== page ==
Arsenic in community water systems
- About arsenic
- Mean and maximum arsenic levels
- People served, by mean arsenic levels
- Health effects of arsenic
What is arsenic and how does it get in water?
Arsenic occurs naturally in soil and rocks across Minnesota. Small amounts can dissolve into groundwater that may be used for drinking water. Arsenic can be found in groundwater throughout Minnesota but is more likely in some areas than others. West central and northwestern Minnesota tend to have higher levels of arsenic. Arsenic has no smell or taste, so water must be tested in a laboratory to see if it has arsenic.
Health effects of arsenic
Drinking water with low levels of arsenic over a long time is associated with diabetes and increased risk of cancers of the bladder, lungs, liver, and other organs. Coming in contact with arsenic can also contribute to cardiovascular and respiratory disease, reduced intelligence in children, and skin problems, such as lesions, discoloration, and the development of corns.
Health impacts of arsenic may not occur right away and can develop after many years, especially if you are in contact with arsenic at a low level over a long time.
Standard and goal for arsenic in community water systems
All community water systems test for arsenic and ensure levels meet the Environmental Protection Agency drinking water standard, or Maximum Contaminant Level (MCL). The MCL for arsenic is 10 micrograms per liter (µg/L). However, drinking water with arsenic at levels lower than the EPA standard over many years can still increase your risk of cancer. As a result, EPA sets health risk goals. The EPA has set a goal of 0 µg/L for arsenic in drinking water. These goals do not consider the cost of water treatment to reach that level of arsenic in drinking water.
Most community water systems provide drinking water with no or low levels of arsenic
Very few community water systems provide drinking water with levels of arsenic above the federal drinking water standard. Read the most recent Drinking Water Protection Annual Report for more information.
Mean arsenic levels in Minnesota community water systems
The percent of systems in violation of the MCL is not equal to the percent of systems shown in the chart because whether a system is in violation is based on a running annual average at each entry point to the system, rather than a system-wide calendar year average. A number of systems in Minnesota are working to bring their arsenic levels below the MCL.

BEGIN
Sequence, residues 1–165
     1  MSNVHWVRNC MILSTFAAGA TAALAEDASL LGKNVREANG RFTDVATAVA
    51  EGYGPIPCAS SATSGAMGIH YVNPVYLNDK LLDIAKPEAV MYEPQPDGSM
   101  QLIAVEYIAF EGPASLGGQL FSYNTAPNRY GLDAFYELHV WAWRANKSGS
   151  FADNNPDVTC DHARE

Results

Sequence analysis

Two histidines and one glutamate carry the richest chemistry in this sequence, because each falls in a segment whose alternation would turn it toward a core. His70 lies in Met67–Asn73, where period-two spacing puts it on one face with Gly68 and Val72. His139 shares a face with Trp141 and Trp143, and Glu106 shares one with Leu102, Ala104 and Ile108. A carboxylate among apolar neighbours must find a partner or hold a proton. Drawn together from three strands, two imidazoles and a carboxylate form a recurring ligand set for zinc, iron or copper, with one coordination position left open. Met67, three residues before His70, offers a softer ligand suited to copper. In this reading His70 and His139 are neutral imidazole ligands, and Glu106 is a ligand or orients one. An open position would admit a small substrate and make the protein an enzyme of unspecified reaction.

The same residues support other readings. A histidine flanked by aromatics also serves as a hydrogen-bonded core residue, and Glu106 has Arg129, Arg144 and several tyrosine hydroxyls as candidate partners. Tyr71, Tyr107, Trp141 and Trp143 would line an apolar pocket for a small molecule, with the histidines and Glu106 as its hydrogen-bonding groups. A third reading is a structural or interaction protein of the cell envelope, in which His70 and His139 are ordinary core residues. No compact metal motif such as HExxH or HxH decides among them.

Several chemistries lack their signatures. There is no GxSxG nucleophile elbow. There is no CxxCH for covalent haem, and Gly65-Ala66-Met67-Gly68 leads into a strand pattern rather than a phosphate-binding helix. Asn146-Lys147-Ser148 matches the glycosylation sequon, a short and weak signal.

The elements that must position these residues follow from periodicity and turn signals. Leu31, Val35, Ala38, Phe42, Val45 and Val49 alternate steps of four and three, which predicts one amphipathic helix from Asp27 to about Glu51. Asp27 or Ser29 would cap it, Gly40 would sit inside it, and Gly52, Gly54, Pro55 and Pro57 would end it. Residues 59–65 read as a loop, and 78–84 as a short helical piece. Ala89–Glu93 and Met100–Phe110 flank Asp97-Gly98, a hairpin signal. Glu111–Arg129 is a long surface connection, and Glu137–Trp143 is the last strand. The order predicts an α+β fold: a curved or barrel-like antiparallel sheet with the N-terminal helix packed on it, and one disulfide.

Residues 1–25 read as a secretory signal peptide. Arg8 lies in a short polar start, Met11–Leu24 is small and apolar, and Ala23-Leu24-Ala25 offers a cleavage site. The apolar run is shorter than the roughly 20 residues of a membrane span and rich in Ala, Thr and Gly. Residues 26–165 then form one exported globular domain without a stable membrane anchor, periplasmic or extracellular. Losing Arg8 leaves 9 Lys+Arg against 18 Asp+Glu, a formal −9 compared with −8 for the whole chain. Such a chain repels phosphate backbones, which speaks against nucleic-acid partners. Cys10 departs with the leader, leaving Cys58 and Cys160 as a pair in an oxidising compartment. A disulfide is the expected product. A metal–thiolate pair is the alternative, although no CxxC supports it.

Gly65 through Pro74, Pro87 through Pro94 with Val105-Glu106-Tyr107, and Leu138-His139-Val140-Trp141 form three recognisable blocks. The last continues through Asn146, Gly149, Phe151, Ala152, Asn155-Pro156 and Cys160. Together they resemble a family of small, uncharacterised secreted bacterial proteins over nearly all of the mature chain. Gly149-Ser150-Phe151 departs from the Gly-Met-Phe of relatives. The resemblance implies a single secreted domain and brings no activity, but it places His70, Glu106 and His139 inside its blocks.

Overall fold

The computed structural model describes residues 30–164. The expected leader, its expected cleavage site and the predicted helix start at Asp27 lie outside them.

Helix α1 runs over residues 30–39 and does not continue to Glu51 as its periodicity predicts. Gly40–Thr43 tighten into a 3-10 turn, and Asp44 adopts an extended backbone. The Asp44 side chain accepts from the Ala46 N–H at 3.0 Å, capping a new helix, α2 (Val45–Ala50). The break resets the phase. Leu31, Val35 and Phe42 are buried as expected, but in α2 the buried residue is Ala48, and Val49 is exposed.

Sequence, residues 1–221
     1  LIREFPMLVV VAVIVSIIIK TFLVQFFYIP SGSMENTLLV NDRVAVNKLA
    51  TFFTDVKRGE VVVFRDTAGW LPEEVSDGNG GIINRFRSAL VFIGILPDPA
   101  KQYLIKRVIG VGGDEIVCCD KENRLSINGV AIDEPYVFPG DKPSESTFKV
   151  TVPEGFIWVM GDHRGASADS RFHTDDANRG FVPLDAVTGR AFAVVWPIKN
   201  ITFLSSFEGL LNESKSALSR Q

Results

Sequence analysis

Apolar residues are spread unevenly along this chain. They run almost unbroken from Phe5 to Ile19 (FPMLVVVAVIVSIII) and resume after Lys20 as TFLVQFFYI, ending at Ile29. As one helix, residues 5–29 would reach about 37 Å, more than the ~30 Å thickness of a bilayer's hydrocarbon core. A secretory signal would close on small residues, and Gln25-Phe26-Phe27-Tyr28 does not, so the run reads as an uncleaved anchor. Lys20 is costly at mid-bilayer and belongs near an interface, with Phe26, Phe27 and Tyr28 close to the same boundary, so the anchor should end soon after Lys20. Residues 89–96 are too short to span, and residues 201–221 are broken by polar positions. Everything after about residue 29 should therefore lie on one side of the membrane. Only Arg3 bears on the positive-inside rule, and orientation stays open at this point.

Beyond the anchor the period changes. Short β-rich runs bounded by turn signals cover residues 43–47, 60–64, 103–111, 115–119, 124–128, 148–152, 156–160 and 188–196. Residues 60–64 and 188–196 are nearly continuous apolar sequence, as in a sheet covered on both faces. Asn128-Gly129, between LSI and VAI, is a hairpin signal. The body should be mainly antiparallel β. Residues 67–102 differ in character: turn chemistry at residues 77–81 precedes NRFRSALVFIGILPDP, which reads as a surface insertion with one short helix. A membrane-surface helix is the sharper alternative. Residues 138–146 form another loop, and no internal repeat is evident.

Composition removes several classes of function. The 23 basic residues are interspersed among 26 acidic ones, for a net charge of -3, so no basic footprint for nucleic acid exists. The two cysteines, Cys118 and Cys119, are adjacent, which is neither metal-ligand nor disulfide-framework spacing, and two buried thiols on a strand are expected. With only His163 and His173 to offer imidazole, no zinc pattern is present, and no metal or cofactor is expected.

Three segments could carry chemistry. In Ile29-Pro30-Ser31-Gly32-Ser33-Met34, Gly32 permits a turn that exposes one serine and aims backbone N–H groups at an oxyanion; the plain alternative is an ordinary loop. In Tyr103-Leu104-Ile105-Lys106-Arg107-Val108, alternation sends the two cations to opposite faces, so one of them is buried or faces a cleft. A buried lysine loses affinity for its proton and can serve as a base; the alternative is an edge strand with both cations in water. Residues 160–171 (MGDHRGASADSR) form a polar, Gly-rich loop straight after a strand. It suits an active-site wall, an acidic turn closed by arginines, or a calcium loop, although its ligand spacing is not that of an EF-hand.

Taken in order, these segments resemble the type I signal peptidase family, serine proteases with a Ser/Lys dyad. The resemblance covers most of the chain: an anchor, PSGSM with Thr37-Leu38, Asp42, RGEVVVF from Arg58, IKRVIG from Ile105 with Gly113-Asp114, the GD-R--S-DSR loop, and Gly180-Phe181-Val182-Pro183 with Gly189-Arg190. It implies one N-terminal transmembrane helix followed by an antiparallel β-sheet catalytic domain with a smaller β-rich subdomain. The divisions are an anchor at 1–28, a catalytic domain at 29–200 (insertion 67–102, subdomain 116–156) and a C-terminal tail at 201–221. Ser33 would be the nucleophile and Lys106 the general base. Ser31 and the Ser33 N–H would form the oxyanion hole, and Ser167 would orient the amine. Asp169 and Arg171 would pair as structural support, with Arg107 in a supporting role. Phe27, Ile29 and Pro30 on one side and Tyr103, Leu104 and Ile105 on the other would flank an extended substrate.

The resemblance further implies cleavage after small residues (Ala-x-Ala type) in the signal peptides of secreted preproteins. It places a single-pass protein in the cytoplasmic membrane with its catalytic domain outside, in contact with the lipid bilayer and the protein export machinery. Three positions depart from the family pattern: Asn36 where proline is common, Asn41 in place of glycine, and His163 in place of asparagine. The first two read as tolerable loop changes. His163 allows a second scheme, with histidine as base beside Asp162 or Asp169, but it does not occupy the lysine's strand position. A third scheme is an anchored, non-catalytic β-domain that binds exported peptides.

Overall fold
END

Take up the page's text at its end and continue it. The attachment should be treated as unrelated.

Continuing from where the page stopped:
Maximum arsenic levels of Minnesota community water systems
In the chart above, the maximum value of each system shows the highest concentration in any single sample, prior to any blending of water. The level of arsenic in blended water that reaches the consumer's tap may be lower because of dilution.
The number of people served by community water systems with arsenic at levels above the EPA standard is very low.
|0 - 5||901||4,370,991||93.7%|
|5+ - 10||58||34,919||6.0%|
|10+ - 20||3||571||0.3%|
|20+ - 30||0||0||0.0%|
Note that the estimates of number of people served by each system are rough calculations periodically updated by water system managers.
What can be done about arsenic in drinking water?
All community water systems test for arsenic and ensure levels meet the EPA standard. If a system’s arsenic level exceeds the standard, the system notifies customers and makes changes to reduce the level.
You can find the level of arsenic your community water system detected by reading their Water Quality Report (also known as a Consumer Confidence Report [CCR]). Call your community water system to get a copy of your CCR, or find it online at Search for Your Consumer Confidence Report (CCR) .
Arsenic is also a concern in private wells. The only way to know if a private well contains arsenic is to have it tested. Private well users are responsible for testing their well water for arsenic. MDH recommends private well users test their water at least once for arsenic. See Well Testing, Results, and Options for information about how to test your well water. For more information about arsenic in well water, see Arsenic in Well Water.
If you want to take additional steps to reduce your exposure to arsenic in drinking water, you can use a home water treatment system. For more information on home water treatment, visit Home Water Treatment.
• Arsenic in Drinking Water
• Arsenic in Private Wells
• Safe Drinking Water for Your Baby
• Chemicals in People: Biomonitoring - Arsenic
• Arsenic Drinking Water Requirements for States and Public Water Systems
Last updated November 2018. Updates are made when data become available; not all data are available annually.